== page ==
Watch this space for a more in depth explanation and a proper how-to guide with a few programs. We should have that up shortly. In the meantime, go to the source, so to speak: look up what Charles Poliquin says about GVT.

This training method has worked wonders for many. Give it a try, you may positively be blown away by the results!

Is creatine dangerous?

Q: People tell me the creatine supplements I’m taking could be dangerous, and that some people have even died from taking creatine. I don’t want to risk kidney failure or whatever it is that did these guys in. Should I stop taking creatine, and if so, what alternatives to you recommend?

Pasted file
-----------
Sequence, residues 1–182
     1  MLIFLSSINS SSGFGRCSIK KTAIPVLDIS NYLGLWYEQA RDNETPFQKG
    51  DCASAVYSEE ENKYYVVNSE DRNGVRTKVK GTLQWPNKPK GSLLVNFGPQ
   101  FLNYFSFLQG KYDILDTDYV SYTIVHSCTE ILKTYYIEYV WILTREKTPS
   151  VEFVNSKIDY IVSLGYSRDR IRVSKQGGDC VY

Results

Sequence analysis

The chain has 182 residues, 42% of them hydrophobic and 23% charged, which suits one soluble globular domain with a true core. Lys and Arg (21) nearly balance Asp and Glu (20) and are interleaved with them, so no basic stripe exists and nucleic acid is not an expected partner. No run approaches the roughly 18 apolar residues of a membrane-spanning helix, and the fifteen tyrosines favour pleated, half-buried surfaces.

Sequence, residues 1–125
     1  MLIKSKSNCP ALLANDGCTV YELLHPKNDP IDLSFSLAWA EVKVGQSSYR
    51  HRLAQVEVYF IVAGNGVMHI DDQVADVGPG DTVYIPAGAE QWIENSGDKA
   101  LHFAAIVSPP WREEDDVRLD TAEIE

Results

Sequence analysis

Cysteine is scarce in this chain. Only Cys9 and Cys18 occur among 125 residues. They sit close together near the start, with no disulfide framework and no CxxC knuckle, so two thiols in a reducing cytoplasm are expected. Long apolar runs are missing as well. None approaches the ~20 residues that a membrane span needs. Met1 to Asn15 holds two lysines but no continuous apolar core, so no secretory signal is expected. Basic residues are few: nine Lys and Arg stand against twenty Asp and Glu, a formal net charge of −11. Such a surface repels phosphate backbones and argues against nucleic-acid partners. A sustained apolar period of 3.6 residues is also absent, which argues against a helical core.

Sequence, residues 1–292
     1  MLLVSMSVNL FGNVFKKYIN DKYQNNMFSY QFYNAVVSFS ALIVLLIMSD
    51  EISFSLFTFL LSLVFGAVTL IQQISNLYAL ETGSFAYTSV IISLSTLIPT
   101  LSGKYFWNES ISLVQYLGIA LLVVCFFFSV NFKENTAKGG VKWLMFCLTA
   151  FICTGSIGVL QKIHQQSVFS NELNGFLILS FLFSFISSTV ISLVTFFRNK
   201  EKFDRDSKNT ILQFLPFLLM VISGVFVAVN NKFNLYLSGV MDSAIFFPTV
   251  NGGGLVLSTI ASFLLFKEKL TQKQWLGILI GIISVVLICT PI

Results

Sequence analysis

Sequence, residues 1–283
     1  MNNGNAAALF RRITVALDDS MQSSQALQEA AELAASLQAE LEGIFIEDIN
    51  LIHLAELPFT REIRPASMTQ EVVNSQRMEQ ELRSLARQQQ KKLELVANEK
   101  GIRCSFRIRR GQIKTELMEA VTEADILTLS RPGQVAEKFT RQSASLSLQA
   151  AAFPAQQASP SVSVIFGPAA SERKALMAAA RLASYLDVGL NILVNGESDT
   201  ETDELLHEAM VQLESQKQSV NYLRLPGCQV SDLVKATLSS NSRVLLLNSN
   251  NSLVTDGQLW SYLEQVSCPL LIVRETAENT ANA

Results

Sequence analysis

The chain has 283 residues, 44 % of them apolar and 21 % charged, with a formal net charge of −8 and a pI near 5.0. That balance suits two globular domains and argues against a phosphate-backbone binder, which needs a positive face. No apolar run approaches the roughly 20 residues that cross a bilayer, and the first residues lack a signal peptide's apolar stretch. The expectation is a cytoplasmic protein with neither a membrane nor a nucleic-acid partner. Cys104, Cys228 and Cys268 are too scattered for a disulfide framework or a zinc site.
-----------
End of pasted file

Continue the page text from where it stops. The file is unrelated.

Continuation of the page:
A: Remember the obligatory medical disclaimer we have to use on this site: we are not doctors, and we do not give medical advice. That said, from our point of view as fitness professionals and enthusiasts: as long as you’re healthy and have a common sense approach to your creatine supplementation, I see no reason why you should quit using this fantastic supplement at all. Obviously, as most manufacturers of the product would recommend, limit your dosages (5-20 grams daily) and do take small breaks (some argue that 8 weeks on, 4 weeks off is a good schedule), and if you do that creatine really does not seem like a dangerous supplement to use at all – in fact, it is quite safe. And certainly very effective to boot – there are few types of nutritional supplements aimed at bodybuilders and other athletes that are backed by more science than creatine. It works – very well in fact. And not only may it help you gain more muscle mass, lift more weight and perform better in sports, research also shows that creatine can make you smarter – at least if you’re a vegetarian (vegetarians don’t get much creatine from their food – creatine happnes to be found mostly in meat and, well, creatine supplements).